In this programme of contrasting moods, Lauridsen’s ‘Lux Aeterna’, the concert’s longest single item, contains elements of both darkness and light. Light out of darkness – actually the title of one of two pieces by Elgar – is the predominant theme of many of the other items; from the broad sweep of Howells’s ‘King of Glory’, through the warm glow of Eric Whitacre’s fine motet, to the nocturnal prayer of Tallis’s sublime miniature. The darkness of despair is most eloquently conveyed by Dering’s poignant motet on the death of Absalom, King David’s son.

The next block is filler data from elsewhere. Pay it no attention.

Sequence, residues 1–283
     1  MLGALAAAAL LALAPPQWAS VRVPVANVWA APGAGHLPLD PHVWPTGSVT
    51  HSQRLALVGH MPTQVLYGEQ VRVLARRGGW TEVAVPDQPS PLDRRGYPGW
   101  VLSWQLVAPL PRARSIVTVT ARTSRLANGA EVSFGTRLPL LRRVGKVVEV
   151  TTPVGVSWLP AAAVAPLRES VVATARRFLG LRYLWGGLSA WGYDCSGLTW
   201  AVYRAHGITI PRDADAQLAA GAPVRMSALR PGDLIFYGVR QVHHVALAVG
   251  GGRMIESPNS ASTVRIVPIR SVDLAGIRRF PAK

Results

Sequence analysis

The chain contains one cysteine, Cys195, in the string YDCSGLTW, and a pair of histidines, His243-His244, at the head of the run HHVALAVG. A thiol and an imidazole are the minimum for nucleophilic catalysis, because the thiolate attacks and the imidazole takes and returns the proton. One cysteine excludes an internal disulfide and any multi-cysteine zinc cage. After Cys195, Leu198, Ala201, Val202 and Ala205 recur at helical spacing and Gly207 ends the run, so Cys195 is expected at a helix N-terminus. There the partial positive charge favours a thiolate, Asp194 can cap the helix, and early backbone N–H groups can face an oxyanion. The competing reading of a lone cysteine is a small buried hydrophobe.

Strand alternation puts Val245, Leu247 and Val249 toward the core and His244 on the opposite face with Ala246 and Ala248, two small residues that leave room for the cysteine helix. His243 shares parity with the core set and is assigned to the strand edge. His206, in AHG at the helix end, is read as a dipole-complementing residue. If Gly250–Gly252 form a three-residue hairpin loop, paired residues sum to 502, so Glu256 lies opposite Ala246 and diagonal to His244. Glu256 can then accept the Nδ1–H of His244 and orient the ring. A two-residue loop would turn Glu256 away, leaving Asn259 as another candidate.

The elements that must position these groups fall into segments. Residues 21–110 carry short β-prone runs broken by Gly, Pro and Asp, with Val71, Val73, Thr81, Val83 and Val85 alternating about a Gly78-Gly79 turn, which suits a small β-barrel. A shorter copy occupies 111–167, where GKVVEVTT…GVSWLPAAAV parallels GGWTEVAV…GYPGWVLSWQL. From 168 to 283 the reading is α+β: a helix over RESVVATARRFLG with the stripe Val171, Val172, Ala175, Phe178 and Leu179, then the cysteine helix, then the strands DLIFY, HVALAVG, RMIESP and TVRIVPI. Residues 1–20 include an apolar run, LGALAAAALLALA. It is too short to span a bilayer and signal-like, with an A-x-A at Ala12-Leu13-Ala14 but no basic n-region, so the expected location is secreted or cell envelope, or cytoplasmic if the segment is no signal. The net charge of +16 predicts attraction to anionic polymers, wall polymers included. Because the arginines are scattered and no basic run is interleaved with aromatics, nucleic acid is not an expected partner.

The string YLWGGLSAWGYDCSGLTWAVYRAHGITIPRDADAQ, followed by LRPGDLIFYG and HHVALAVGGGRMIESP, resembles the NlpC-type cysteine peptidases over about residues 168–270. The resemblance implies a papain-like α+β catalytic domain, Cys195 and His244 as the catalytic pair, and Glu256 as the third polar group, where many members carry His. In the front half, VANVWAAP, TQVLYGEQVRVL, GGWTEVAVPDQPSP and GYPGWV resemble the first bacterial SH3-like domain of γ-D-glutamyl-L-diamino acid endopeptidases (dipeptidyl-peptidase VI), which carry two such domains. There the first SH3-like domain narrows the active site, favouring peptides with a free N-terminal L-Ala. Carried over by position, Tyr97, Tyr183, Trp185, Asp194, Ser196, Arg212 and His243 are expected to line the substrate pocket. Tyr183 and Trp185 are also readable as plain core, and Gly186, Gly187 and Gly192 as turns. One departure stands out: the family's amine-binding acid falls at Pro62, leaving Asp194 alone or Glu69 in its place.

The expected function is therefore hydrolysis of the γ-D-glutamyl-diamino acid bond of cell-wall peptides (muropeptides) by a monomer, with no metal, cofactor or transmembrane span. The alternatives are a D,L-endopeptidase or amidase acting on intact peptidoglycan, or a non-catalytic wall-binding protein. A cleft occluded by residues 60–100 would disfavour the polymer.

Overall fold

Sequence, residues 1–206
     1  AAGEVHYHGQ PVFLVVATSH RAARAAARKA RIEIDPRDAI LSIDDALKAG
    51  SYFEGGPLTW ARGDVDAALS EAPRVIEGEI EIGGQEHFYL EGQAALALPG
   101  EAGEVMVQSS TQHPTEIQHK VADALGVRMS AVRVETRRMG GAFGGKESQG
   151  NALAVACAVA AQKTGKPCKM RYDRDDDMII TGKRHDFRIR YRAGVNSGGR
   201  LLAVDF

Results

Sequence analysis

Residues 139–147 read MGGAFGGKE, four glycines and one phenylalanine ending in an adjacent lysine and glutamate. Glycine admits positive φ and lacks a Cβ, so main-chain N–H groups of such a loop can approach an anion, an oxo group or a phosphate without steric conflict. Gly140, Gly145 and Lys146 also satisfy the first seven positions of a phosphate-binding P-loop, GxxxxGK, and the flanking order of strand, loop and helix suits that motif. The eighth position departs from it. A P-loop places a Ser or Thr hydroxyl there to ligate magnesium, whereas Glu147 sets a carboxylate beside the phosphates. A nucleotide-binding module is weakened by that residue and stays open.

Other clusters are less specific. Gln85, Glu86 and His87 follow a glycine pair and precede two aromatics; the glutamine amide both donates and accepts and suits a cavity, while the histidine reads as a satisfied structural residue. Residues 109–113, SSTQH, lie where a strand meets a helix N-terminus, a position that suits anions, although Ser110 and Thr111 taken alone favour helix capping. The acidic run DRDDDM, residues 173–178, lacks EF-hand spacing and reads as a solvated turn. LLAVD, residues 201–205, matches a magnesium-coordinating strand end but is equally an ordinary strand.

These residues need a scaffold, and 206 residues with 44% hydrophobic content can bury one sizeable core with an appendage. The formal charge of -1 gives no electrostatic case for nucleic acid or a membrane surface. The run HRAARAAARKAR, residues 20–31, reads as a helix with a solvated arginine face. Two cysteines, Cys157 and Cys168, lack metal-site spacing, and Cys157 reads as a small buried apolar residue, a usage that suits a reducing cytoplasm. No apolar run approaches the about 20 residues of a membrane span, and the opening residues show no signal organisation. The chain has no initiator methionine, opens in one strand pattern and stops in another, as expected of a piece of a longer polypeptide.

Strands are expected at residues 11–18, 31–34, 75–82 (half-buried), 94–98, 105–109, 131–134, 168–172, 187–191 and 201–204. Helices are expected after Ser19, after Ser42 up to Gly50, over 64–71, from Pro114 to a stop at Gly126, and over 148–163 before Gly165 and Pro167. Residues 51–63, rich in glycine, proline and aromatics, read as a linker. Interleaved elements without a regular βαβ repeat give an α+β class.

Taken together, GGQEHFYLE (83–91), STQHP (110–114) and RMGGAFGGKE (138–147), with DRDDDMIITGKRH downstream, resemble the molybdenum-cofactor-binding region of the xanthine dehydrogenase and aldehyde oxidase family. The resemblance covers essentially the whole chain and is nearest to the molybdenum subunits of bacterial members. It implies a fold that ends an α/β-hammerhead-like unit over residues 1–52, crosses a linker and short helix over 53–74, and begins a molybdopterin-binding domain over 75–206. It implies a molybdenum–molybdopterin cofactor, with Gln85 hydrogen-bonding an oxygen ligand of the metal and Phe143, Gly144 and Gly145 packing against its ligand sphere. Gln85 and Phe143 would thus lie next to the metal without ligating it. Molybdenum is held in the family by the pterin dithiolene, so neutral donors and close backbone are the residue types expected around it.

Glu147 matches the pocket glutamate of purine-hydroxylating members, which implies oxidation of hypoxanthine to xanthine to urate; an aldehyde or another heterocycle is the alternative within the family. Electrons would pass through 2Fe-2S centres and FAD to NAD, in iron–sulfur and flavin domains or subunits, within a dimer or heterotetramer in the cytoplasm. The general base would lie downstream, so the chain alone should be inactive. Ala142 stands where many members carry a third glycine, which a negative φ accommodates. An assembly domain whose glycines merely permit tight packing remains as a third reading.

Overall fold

The English Baroque Choir is one of the finest amateur choirs you will find in London.
We perform a wide range of repertoire, from the 15th century right through to the present day, in intelligent, well-structured concert programmes.
We recently performed Bach’s St Matthew Passion at St John’s Smith Square, with our patron, Dame Emma Kirkby, as soloist.
In 2013 the choir commissioned a new work, Psalm-Cantata by John McCabe CBE, and proudly gave the premiere performance in St John’s Smith Square.